LUDWIG VAN BEETHOVEN - Complete Piano Sonatas

LUDWIG VAN BEETHOVEN - Complete Piano Sonatas - Steven Masi (Piano) - 10-Disc Box Set - 034061166122 - Released: April 2017 - Albany TROY1661

Back in 2012, when pianist Steven Masi embarked on his long journey to learn and master all of Beethoven's 32 Piano Sonatas, and released the first volume of the series of recordings that now constitute this 10-Disc box set, I wrote a review of it, and after listening to his complete overview of the sonatas, my opinion remains pretty well the same. Therefore I will repeat almost word for word what I felt 5 years ago about his performance and the recording quality in general.

I don't know about you, but sometimes, after listening to certain recordings of Beethoven sonatas interpreted by world-renowned pianists, sponsored by large corporations, and released on major, well-established labels, I come away with a feeling that I've just been taken for a ride. By that I mean that I get the impression that the recordings have been digitally manipulated. Just like a photograph of an aging celebrity has been air-brushed or given the "photoshop" treatment to make them seem younger and look much better than they do naturally, some of these recordings simply sound too good to be true. Each and every note is in perfect dynamic balance and rhythmic value with each other, and the capture of the acoustic space around the instrument is always perfect. Highly sophisticated computer software allows for digital data manipulation down to the millisecond. For example, if the recording engineer doesn't like the sound of one note, he can easily delete it and have it replaced by a "fake" or "simulated" version of that note. Sufficient funds are available to cover extra studio time to gloss over mistakes and polish the sound. But is all that true to the nature of a Beethoven piano sonata I wonder.

This new complete set is a private production released on a smaller independent label, and it shows. The flawless presentation may be missing, but in its place you get an honest interpretation of Beethoven's music. And when I say this isn't flawless, doesn't mean that there are mistakes. Far from it. What I mean is that it sounds like the overall performance by Steven Masi was captured in real time, with the least level of cover up. Here and there a particular note will sound a bit metallic, or an accent will seem too sharp, or a series of consecutive arpeggios will seem uneven, but then these are the indications that there is a live human being at the keyboard, engaged in Beethoven's sound world, emotions and all. And his technique is to be admired, especially his economical use of the sustain or "damper" pedal. So many pianists, by heavy use of sustain, can muddle over their flaws that way. Mind you not every aspect of the playing is perfect here. In general I find his choice of tempos to err on the fast end of the scale, and that he tends to micro-manage dynamics a little too much within certain passages. But again all this helps reinforce the belief that the playing itself and/or the recorded sound was not doctored during the recording process.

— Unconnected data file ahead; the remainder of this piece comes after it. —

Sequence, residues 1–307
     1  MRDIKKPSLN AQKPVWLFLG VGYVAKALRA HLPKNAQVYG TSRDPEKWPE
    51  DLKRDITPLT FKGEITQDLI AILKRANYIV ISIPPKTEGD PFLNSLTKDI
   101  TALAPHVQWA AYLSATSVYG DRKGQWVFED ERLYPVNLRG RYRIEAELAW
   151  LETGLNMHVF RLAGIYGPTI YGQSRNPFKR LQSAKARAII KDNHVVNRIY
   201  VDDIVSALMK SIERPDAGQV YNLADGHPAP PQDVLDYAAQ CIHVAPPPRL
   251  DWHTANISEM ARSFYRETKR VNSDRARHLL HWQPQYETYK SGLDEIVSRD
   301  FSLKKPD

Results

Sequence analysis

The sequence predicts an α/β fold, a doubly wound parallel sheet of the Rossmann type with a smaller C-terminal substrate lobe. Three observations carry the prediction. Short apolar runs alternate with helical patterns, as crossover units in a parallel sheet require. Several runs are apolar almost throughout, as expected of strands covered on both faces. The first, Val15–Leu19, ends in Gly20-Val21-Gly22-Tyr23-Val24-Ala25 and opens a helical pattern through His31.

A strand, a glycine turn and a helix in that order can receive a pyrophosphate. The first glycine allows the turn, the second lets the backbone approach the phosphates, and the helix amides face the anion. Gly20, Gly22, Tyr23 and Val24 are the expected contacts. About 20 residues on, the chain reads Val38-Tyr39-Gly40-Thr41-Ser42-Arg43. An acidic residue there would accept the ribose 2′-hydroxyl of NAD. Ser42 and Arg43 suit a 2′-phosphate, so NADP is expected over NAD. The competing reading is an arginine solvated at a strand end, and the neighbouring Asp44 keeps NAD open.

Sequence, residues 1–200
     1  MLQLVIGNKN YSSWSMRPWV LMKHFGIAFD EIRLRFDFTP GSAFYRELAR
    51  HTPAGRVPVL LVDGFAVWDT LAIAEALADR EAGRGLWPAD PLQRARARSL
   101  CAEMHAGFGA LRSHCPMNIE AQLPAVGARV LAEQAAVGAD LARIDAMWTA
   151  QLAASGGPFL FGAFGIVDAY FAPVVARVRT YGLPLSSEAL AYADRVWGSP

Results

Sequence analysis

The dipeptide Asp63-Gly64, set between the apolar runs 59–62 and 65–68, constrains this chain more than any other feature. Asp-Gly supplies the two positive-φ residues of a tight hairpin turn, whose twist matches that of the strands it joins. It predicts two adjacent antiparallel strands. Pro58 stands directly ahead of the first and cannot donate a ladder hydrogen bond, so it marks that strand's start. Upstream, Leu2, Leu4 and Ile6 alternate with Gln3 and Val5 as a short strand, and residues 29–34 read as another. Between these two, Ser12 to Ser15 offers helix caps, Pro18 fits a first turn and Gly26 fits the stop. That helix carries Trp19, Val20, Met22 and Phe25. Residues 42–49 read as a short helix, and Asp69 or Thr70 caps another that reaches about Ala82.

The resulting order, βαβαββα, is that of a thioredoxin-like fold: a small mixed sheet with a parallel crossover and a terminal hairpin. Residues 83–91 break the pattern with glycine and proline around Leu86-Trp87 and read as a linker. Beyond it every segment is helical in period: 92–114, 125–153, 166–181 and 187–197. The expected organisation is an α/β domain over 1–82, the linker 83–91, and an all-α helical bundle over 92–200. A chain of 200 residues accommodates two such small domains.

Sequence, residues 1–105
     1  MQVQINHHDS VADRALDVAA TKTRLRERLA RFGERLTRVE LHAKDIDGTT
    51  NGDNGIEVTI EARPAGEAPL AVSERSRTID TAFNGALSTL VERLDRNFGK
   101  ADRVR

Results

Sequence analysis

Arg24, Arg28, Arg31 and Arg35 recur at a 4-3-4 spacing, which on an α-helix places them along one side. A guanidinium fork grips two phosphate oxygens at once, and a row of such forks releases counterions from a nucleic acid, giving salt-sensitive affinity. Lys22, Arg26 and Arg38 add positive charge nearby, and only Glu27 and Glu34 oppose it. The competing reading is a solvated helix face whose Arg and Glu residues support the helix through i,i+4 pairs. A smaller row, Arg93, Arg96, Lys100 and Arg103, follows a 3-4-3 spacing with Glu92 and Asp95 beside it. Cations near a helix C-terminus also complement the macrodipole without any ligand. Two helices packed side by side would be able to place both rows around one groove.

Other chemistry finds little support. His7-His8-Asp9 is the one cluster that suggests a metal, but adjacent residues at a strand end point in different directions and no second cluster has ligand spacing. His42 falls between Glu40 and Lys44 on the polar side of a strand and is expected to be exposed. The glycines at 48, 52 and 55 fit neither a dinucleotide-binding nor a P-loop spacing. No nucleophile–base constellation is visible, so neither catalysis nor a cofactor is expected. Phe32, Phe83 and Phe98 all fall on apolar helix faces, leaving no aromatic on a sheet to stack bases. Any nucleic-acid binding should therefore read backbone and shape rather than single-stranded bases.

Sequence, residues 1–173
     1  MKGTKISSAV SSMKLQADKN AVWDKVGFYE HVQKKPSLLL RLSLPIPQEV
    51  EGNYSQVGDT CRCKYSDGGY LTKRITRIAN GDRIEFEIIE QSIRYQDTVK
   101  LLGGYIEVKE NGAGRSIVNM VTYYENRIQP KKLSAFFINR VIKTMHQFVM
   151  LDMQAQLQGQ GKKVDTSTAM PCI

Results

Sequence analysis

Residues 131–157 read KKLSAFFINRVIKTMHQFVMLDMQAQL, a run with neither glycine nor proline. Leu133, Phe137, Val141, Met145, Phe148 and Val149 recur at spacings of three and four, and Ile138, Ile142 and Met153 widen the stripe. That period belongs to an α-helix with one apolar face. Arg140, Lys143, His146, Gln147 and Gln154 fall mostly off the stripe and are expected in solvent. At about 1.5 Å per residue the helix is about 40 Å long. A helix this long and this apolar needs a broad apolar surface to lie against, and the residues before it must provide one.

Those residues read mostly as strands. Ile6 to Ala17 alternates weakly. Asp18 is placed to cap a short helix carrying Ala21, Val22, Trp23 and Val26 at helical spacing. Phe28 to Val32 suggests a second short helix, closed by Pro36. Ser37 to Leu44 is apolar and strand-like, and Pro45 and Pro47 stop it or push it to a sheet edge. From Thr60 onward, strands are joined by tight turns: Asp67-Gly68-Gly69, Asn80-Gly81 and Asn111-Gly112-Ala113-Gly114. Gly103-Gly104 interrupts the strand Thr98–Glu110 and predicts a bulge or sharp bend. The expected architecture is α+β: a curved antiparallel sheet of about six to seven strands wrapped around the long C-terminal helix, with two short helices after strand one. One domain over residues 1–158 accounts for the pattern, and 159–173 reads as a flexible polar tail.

I myself have learned and played some of these sonatas but definitely not all of them. I've always wondered what would motivate and drive someone to tackle such a massive undertaking. In his excellent liner notes, recording producer Joseph Patrych may have found the answer. He writes: "As of this writing (November 2016), the current number of complete Beethoven Piano Sonatas that have either been completed or are pending is 89. It is interesting to note that the number of those in production is 11. The history of commercial recording goes back to around 1903; in the first 45 or so years of commercial recording (the 78 era), Artur Schnabel's was the one complete set of the Beethoven Sonatas. Sixty-five years later, eleven sets are moving toward completion in one year. This begets the following question: why would anybody endure the enormous task of learning all this music --hundreds of thousands of notes, thousands of indications of interpretation-- when each sonata itself might speak to the individual's soul and taste in varying degrees, and with so many sets already available? Regardless of the appropriately deified status of these works, most pianists do not feel equally positive about each and every sonata. When Mr. Masi approached me with the idea of tackling this set, I was compelled by the maturity and thoughtfulness of his playing in the ones I heard. Needless to say, the sheer number of sets out there gave me a pause for this particular project, but, feeling the quality of his interpretation and his desire to do it, we forged ahead. What you have before you represents the fruit of five years of labor, consideration, discussion and a shared passion for this seminal body of work in the piano literature."

A strong recommendation if you're looking to steer clear of the "glossy and manicured" magazine cover type of production. And the packaging by Albany Records is first class. The box opens up like a binder, with each individual CD protected by a plastic sleeve that you can easily flip back and forth over binder rings. Its too bad they don't give out awards for packaging.

Jean-Yves Duperron - June 2017